FrenzelWeek2 - NLRB Case Study Kym Frenzel DeVry University 1 The NLRB has made findings regarding the use of employee posts on Social Media sites to

FrenzelWeek2 - NLRB Case Study Kym Frenzel DeVry University...

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NLRB Case Study Kym Frenzel DeVry University 1. The NLRB has made findings regarding the use of employee posts on Social Media sites to discipline or terminate those employees. Typically these cases occur when an employee posts “negative” information about their current employer or boss. Sometimes these are “public” and other times the employer uses “spies” or “fake friending” to see the Facebook page of the employee. Find at least one case or article online regarding this topic, and briefly explain the facts of the case, and the determination of the NLRB as to whether the employee was properly or improperly disciplined or terminated as a result of their use of Social Media to complain about, criticize, or publicly bash their company or boss. Provide the citation to the article you discover. (Use the term “concerted activity” in your query or search to help you find one of these cases.) (20 points) As Facebook and Twitter become as central to workplace conversation as the company cafeteria, federal regulators are ordering employers to scale back policies that limit what workers can say online. Employers often seek to discourage comments that paint them in a negative light. Don’t discuss company matters publicly, a typical social media policy will say, and don’t disparage managers, co-workers or the company itself. Violations can be a firing offense. But in a series of recent rulings and advisories, labor regulators have declared many such blanket restrictions illegal. The NLRB says workers have a right to discuss work conditions freely and without fear of retribution, whether the discussion takes place at the office or on Facebook. In addition to ordering the reinstatement of various workers fired for their posts on social networks, the agency has pushed companies nationwide, including giants like General Motors, Target and Costco, to rewrite their social media rules. The decisions come amid a broader debate over what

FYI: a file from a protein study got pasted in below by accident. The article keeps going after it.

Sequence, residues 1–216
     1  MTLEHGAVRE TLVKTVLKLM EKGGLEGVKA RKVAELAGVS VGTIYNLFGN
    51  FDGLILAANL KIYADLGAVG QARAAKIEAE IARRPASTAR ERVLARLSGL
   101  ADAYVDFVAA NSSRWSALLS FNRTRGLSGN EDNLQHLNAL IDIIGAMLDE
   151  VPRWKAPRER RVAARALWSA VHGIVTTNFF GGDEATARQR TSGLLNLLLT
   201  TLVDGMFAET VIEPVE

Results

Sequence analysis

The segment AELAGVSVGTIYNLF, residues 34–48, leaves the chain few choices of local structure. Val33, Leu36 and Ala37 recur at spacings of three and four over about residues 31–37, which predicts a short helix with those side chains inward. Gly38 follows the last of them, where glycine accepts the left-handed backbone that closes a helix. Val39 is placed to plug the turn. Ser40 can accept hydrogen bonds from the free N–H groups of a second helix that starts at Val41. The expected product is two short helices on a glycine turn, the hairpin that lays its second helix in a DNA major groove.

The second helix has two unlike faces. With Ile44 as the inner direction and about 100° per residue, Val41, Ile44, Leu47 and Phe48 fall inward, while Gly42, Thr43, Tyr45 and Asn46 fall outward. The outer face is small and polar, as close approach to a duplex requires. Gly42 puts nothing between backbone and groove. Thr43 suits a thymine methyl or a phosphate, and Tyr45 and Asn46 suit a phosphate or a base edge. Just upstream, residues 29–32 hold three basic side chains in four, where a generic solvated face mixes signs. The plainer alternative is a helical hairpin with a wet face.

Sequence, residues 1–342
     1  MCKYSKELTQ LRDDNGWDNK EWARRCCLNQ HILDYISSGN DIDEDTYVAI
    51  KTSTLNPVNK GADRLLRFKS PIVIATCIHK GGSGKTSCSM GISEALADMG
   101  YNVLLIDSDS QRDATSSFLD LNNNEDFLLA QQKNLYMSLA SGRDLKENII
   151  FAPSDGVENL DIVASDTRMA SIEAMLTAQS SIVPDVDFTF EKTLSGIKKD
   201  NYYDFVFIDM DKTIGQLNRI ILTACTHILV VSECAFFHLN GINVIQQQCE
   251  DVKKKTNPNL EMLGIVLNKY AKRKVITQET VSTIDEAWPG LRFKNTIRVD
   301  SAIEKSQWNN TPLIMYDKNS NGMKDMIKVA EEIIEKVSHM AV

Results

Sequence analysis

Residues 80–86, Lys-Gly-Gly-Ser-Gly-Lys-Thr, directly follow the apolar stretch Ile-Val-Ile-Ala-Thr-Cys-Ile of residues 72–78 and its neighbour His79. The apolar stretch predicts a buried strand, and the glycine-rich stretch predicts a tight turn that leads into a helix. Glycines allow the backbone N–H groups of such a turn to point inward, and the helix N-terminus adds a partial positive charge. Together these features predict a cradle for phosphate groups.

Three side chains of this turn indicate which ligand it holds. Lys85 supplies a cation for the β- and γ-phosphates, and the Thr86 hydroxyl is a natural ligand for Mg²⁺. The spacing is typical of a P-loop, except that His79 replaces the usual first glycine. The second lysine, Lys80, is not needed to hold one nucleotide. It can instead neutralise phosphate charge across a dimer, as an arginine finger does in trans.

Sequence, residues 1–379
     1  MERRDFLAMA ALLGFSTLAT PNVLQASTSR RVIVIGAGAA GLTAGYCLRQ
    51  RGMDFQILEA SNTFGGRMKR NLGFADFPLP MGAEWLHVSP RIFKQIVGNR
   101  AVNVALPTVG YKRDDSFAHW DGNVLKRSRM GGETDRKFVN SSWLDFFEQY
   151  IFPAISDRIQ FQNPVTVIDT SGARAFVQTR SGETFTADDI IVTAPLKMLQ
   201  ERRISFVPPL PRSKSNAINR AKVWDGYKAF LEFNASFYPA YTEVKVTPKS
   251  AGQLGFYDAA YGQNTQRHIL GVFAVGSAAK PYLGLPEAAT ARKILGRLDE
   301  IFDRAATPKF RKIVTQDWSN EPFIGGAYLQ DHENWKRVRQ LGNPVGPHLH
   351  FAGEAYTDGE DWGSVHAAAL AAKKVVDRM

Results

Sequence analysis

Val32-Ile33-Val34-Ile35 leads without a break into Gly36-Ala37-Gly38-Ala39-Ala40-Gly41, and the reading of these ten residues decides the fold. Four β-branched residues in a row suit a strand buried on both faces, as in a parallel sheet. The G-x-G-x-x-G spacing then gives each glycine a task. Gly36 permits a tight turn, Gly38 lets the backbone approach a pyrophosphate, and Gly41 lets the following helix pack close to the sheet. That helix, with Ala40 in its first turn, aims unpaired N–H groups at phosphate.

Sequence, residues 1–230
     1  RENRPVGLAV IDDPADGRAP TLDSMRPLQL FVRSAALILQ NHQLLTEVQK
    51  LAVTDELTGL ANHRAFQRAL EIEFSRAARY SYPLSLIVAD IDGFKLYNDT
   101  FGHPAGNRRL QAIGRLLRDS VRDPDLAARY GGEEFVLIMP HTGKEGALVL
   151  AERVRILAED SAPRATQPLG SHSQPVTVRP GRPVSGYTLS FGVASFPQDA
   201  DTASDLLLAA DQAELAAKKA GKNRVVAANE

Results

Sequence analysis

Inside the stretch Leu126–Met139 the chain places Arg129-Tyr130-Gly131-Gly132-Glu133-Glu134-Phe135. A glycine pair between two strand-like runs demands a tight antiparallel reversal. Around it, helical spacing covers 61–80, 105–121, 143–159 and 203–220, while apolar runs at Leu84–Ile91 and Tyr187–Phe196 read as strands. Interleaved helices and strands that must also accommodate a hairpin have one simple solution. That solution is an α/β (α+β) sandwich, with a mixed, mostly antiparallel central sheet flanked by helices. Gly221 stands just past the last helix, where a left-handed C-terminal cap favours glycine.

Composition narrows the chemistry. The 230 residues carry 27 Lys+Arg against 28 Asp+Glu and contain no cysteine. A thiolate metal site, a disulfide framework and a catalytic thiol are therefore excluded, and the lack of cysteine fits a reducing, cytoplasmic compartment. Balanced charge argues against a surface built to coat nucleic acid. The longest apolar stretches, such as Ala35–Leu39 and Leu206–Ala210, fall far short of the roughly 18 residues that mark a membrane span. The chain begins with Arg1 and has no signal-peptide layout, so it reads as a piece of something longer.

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constitutes appropriate discussion on Facebook and other social networks. Schools and universities are wrestling with online bullying and student disclosures about drug use.
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  • Spring '13
  • Jensen-Gall
  • Sociology, social media policy

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